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Les McKeown's Predictable Success Blog

  • April 19, 2013
  • minute read

Why You're Not Getting the Leadership Recognition You Deserve 

 A version of this article first appeared at Inc.com.
There you are battling away month after month in difficult surroundings, giving it your all (or nearly your all), pulling disaster from the jaws of defeat on a regular basis, saving everyone else’s hides, thinking so far outside the box that the box is barely visible, delivering added value faster than a speeding train – basically, you’re laying waste to every leadership metaphor there is.
And yet, despite all your best efforts, you might as well be working down a coal mine for all the recognition you get.
Ever felt that way? Despairing that your obvious talents are going to waste – or at least are not being recognized? Fearful that the time and effort you’re putting in isn’t yielding the leadership recognition that you’d hoped for?
The good news is, you’re not alone – I meet similarly frustrated leaders all the time. The bad news is, you’re not alone – there are similarly frustrated leaders just like you at all levels in most organizations, and your first challenge is to distinguish yourself from them.
If it feels like your leadership efforts aren’t resulting in the recognition you deserve, run down this list of possible reasons – I guarantee it’ll save you a lot of time, and will point the best way out of your current dead end:
1. You’re not as good as you think you are.
Yep, it happens. Maybe you arrived at the organization with an inflated sense of your own ability. Maybe your helicopter parents convinced you that you can do no wrong. Maybe you’ve never really played in the big leagues until now.
Whatever the underlying cause (and there are many), by far the most common reason I see leaders get frustrated by lack of recognition is that they’re simply not as competent at leadership as their self-image leads them to believe.
Here’s the easiest way to test that this might be the case: Ask your boss what you need to do to get a promotion. If she gives you one or two specific, precise pieces of feedback, you’re fine. If she looks away, blushes, chokes or changes the subject, you’re probably in this camp.
How do you fix it? Well, you could start by asking to undergo a 360 assessment. Make sure that you chose a wide range of people as raters – including people you don’t naturally like or get on well with. Then find a mentor or coach to help you work with the opportunities (we used to call them ‘weaknesses’ until it become politically incorrect to do so – but that’s what they are, all the same) it throws up.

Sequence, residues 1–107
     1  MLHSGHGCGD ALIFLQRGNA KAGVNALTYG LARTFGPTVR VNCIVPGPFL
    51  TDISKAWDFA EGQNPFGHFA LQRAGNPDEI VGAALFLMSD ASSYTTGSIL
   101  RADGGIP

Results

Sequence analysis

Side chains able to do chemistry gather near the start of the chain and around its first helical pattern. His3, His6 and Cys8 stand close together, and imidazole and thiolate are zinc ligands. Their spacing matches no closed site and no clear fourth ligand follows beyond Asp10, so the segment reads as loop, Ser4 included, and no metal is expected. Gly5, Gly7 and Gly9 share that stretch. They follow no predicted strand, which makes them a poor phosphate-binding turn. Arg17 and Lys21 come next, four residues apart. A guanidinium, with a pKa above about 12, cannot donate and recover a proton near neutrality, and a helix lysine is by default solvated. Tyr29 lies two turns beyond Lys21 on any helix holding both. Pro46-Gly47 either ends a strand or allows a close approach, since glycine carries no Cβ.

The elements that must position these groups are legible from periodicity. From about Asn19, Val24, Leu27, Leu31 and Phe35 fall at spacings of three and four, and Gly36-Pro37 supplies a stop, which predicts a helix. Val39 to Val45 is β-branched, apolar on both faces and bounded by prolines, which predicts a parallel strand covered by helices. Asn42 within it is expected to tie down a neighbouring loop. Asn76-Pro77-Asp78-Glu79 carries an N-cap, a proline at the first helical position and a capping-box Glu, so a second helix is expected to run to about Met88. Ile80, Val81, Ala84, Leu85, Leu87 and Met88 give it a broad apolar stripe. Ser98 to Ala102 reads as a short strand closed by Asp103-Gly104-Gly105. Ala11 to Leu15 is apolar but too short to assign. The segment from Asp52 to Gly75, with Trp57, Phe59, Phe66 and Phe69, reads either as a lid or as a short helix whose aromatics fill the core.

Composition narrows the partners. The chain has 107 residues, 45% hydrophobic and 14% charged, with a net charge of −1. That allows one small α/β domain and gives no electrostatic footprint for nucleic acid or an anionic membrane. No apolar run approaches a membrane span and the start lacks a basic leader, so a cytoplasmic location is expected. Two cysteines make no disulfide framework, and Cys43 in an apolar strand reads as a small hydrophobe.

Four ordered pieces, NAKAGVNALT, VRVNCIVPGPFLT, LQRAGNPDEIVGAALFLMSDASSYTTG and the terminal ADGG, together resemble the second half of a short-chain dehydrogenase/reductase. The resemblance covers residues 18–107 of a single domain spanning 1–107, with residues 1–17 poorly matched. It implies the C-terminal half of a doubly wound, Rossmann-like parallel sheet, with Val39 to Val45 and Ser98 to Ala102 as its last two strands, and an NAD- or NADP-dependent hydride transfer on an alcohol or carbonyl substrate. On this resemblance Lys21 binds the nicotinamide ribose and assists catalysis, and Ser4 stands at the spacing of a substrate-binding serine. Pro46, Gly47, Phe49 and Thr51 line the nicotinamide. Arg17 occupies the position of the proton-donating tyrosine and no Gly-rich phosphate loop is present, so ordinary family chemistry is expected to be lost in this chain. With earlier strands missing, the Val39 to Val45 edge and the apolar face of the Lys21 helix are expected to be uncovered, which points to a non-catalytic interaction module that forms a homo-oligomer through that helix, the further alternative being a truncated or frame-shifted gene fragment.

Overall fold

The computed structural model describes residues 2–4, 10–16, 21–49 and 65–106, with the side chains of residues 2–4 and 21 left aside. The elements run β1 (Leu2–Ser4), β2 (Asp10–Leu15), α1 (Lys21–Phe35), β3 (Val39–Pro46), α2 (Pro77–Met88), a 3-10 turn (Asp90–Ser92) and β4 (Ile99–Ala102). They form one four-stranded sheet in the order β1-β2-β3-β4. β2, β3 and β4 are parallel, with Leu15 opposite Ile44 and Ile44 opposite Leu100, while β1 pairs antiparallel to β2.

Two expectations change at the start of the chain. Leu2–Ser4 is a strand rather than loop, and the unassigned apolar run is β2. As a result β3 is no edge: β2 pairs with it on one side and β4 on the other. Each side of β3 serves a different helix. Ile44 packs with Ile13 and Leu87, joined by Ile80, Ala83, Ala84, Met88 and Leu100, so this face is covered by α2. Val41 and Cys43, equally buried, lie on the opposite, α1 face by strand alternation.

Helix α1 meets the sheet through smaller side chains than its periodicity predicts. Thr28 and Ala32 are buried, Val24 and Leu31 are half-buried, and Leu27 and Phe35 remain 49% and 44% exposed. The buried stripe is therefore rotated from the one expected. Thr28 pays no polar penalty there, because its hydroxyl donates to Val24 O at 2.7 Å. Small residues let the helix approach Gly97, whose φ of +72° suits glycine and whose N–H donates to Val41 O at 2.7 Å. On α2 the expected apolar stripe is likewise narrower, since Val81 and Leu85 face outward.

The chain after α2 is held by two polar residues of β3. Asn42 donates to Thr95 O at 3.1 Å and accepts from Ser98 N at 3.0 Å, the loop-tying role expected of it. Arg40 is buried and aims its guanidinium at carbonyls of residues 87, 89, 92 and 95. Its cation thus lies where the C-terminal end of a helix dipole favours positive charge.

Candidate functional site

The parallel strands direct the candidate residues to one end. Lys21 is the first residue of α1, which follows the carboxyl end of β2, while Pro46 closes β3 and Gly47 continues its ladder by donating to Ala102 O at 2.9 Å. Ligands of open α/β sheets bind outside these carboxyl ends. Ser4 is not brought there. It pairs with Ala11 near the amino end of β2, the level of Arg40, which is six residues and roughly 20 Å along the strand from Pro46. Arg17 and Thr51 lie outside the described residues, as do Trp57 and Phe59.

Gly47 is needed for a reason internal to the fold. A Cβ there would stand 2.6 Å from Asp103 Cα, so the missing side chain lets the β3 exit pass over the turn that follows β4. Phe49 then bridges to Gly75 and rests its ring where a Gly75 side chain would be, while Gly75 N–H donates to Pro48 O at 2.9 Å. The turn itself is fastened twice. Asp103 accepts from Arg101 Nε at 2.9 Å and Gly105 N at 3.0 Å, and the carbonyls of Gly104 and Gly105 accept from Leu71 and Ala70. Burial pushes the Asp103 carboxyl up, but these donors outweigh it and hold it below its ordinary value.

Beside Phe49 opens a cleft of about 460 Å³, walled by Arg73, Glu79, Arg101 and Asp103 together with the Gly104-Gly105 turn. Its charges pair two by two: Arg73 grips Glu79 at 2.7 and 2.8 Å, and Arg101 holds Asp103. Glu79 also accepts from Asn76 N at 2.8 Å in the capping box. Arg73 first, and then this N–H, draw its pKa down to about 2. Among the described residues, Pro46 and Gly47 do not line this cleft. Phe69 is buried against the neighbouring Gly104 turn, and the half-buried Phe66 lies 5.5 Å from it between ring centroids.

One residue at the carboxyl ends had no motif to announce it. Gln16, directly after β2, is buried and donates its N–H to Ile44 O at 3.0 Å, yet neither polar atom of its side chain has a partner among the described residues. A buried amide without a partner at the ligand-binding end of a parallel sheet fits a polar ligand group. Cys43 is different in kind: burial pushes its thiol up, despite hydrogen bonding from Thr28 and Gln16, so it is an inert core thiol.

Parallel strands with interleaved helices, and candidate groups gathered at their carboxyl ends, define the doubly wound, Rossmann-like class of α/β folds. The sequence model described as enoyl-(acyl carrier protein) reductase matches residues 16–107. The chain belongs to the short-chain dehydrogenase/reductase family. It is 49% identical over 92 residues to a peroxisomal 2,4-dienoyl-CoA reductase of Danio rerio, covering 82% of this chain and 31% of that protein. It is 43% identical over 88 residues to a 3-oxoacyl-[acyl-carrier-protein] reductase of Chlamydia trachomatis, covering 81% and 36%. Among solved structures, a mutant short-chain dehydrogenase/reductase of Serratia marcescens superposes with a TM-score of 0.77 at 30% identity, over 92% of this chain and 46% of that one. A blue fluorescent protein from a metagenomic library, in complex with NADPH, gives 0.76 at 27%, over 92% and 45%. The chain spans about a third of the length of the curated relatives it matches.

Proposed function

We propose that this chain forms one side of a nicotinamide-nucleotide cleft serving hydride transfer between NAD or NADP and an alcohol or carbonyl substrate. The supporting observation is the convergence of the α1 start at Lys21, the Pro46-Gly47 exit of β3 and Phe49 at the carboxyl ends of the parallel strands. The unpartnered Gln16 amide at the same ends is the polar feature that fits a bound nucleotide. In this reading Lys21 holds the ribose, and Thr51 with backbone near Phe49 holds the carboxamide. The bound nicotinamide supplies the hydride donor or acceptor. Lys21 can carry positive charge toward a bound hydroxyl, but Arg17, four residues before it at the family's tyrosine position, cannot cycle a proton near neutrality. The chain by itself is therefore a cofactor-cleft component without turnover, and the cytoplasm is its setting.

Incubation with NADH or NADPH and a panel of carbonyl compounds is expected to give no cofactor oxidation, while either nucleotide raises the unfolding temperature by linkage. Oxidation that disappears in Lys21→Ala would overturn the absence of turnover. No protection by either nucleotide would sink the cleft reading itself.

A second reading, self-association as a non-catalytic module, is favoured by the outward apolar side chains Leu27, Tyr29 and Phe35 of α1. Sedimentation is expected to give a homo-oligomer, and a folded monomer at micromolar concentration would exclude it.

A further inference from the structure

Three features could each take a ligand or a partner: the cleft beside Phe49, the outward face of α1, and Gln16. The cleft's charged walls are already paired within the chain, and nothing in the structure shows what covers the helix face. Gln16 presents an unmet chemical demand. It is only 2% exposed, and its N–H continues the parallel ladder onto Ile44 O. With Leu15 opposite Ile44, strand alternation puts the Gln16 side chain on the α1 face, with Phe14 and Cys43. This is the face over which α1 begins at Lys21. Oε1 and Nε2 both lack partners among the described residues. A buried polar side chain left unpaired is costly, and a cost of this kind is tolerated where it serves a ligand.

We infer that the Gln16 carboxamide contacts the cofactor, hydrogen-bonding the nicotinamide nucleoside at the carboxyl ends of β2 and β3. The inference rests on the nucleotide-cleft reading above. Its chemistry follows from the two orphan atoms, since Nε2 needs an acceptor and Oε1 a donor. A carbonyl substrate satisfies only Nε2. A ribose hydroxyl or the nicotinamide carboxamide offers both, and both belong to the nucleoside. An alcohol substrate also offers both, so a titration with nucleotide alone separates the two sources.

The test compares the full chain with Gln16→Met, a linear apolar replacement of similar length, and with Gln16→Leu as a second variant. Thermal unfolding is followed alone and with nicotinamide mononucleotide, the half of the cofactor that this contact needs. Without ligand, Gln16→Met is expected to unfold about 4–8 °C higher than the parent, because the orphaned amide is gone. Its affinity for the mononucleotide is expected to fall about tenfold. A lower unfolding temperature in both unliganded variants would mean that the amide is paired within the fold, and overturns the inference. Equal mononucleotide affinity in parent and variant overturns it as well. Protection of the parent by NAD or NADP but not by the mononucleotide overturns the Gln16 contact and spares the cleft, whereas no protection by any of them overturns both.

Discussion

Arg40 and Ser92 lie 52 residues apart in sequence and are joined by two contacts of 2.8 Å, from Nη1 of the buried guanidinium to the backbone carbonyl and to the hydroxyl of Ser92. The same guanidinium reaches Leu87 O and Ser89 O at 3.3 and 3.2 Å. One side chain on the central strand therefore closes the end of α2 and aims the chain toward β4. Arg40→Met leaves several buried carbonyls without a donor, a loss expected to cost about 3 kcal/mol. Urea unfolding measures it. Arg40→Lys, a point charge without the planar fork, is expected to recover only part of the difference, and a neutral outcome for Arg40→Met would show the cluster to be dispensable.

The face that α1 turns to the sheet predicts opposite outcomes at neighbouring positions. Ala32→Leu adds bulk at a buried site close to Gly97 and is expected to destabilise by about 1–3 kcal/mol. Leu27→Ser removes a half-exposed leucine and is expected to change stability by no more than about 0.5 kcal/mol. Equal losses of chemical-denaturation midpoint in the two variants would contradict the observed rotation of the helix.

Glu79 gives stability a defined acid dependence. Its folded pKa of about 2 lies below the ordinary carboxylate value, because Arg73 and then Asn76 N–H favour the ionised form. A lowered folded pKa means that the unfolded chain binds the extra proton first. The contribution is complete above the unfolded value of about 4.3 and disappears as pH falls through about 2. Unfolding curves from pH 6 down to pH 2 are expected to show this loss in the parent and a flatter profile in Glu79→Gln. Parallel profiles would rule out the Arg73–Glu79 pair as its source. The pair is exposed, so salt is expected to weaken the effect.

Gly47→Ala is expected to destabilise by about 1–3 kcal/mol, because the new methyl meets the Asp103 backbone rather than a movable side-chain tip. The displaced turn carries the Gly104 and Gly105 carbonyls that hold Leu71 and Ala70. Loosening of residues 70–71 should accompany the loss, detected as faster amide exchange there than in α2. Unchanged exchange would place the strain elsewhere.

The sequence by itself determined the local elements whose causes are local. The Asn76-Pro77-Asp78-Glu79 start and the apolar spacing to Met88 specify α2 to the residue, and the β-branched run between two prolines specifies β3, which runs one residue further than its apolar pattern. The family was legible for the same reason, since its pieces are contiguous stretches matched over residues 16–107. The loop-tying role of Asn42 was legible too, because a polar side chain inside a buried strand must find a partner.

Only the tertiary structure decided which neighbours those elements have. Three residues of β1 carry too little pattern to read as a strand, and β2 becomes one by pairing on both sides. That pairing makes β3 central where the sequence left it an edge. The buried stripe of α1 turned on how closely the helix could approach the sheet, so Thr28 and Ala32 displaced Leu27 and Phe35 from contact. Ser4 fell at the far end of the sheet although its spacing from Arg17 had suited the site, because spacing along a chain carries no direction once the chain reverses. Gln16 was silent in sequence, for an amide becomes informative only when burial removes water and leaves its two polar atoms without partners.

2. Your company doesn’t value leadership skills.
Let’s assume you’re not in the first category and that you actually are a good leader. In that case there are only two possibilities as to why you’re not receiving the recognition you deserve.
The first possibility is that your organization quite simply doesn’t value leadership, full stop. You’ll know if this is the case – you’ll see it in a lack of innovation and creativity; there’ll be a lack of a challenge function at higher levels of leadership, and you’ll probably have noticed that good leaders don’t hang around too long.
The solution? Get out. There’s nowhere to go in an organization that doesn’t value leadership, and there’s no point kidding yourself that the culture is going to someday change. It won’t.
3. What you’ve achieved doesn’t align with your organization’s goals.
If you are in fact a strong leader, but aren’t receiving the recognition you deserve, the second possibility is that what you’re achieving doesn’t align with the organization’s core goals.
I see it regularly: a hot-shot executive knocks a couple of projects out of the park, then wonders why no plaudits appear. The reason is usually that the projects in question aren’t central to the organization’s core goals, and are therefore perceived only in the C-suites peripheral vision, if at all?
The answer? Get closer to the core. Volunteer for projects that are plumb in the middle of the organization’s strategic interests; ask for a transfer to a more central department or division; find ways to connect what you’re doing to key functions in the company – if you can’t get transferred to the software division, or the warehouse, or the manufacturing floor – wherever the pulse of your organization beats, at least connect what you do to them, as much as possible.
One final thought – don’t allow yourself the luxury of thinking you’re not getting the recognition you need because your boss is stealing all your glory. Leaders don’t get overshadowed, only managers do – if someone is stealing your glory, it’s precisely because you’re not leading, you’re managing.


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